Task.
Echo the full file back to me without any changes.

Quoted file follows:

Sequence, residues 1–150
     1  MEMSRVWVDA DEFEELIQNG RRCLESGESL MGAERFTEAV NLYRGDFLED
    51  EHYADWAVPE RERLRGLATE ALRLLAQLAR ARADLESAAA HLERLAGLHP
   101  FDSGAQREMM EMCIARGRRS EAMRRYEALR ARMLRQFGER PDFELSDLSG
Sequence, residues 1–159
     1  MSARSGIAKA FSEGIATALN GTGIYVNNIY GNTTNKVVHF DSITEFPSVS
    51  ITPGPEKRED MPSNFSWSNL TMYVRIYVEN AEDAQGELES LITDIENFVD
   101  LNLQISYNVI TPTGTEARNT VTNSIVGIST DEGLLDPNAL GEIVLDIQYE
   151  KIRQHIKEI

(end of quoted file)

Sequence, residues 1–150
     1  MEMSRVWVDA DEFEELIQNG RRCLESGESL MGAERFTEAV NLYRGDFLED
    51  EHYADWAVPE RERLRGLATE ALRLLAQLAR ARADLESAAA HLERLAGLHP
   101  FDSGAQREMM EMCIARGRRS EAMRRYEALR ARMLRQFGER PDFELSDLSG
Sequence, residues 1–159
     1  MSARSGIAKA FSEGIATALN GTGIYVNNIY GNTTNKVVHF DSITEFPSVS
    51  ITPGPEKRED MPSNFSWSNL TMYVRIYVEN AEDAQGELES LITDIENFVD
   101  LNLQISYNVI TPTGTEARNT VTNSIVGIST DEGLLDPNAL GEIVLDIQYE
   151  KIRQHIKEI